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From WordPad to WordAds: Microsoft caught sneaking nagging Office promos into venerable text editor beta
Hidden for now, probably coming to a desktop near you, soon, ish
Microsoft is secretly testing in-house ads in WordPad, the basic text editing app bundled into its desktop operating system since Windows 95.
On Monday, software developer Raphael Rivera spotted Microsoft toying with the idea of promoting its own Office web apps in Windows 10 using a series of pale yellow banner ads between the WordPad toolbar and the writing area.
The text ads say things like "Try Word, Excel, and PowerPoint for free online," and invite users to click an Open Office button. They include an "x" icon to close the promos. To see them, you'll need to grab Windows 10 Insider build 19546, and enable hidden feature 23834136 as described here.
Microsoft did not immediately respond to a request for comment.
BREAKSCLUSIVE: Microsoft WordPad is getting a new feature! An ad for Office web apps!— Rafael Rivera (@WithinRafael) January 20, 2020
Screenshot shows 6 experimental variants.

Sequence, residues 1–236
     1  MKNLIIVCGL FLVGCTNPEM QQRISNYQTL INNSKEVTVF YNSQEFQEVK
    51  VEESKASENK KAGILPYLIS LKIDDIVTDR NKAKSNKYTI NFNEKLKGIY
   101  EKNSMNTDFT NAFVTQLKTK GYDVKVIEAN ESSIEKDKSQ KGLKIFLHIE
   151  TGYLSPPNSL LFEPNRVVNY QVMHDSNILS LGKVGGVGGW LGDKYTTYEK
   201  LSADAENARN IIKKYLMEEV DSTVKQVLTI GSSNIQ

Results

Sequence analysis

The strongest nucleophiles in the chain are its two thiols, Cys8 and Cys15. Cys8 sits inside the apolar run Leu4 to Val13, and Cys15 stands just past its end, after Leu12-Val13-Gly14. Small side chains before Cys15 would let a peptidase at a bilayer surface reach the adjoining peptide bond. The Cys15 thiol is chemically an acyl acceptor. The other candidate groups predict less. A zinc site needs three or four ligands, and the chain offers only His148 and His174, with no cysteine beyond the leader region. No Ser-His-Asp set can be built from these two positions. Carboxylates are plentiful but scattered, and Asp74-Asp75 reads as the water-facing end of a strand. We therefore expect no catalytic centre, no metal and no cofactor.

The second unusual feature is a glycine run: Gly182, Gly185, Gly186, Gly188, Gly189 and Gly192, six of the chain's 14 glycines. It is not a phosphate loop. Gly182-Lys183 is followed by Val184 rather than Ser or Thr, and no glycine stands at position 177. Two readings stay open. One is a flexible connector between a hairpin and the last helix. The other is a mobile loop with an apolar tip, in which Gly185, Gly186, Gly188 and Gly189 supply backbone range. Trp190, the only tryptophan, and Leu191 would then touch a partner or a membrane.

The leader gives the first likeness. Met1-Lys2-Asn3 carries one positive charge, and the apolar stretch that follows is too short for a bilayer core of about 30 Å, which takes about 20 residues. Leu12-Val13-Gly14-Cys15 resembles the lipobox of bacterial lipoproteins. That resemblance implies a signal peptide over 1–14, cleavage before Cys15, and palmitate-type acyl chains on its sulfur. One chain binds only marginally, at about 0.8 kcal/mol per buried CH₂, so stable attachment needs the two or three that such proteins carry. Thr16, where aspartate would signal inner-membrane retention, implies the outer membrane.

vso/tfs id 23834136
variants 1-6 pic.twitter.com/TdYOuKkLZc
Digital ads, beloved by Facebook and Google and sometimes loathed by internet users, have been creeping into Windows for years. Bing Weather in Windows 8 showed ads. Back in 2012, Microsoft touted various Windows 8 Ads in Apps concepts to "showcase how digital advertising can be more interactive and revolve around customer-initiated experiences that can be beautiful, relevant and useful."
But Redmond didn't get serious about data gathering and ads until Windows 10, offered as a free update for Home and Pro users with the understanding, or perhaps just the assumption, that users would willingly pay with their time and attention.
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Ads for OneDrive showed up in Windows File Explorer and they appeared in the operating system's Mail client.
Now there are Spotlight ads and Suggested Apps that install automatically. There are Windows Store apps with ads and Suggested Apps ads in the Start Menu and the Share interface. There are ads that arrive in the form of Action Center notifications.
There are ads in the Cortana search box and the Windows Welcome Experience. There are ads in the Windows Ink Workspace and in the Live Tiles for apps. And there are ads in the Calendar app.
Many of these ads can be disabled. But the fact remains that Windows for consumers has been designed for data collection and telemetry. Ad-averse, privacy-focused Windows fans may be inspired to try Windows 10 Enterprise LTSC, but that costs about $300 for a single-user license. ®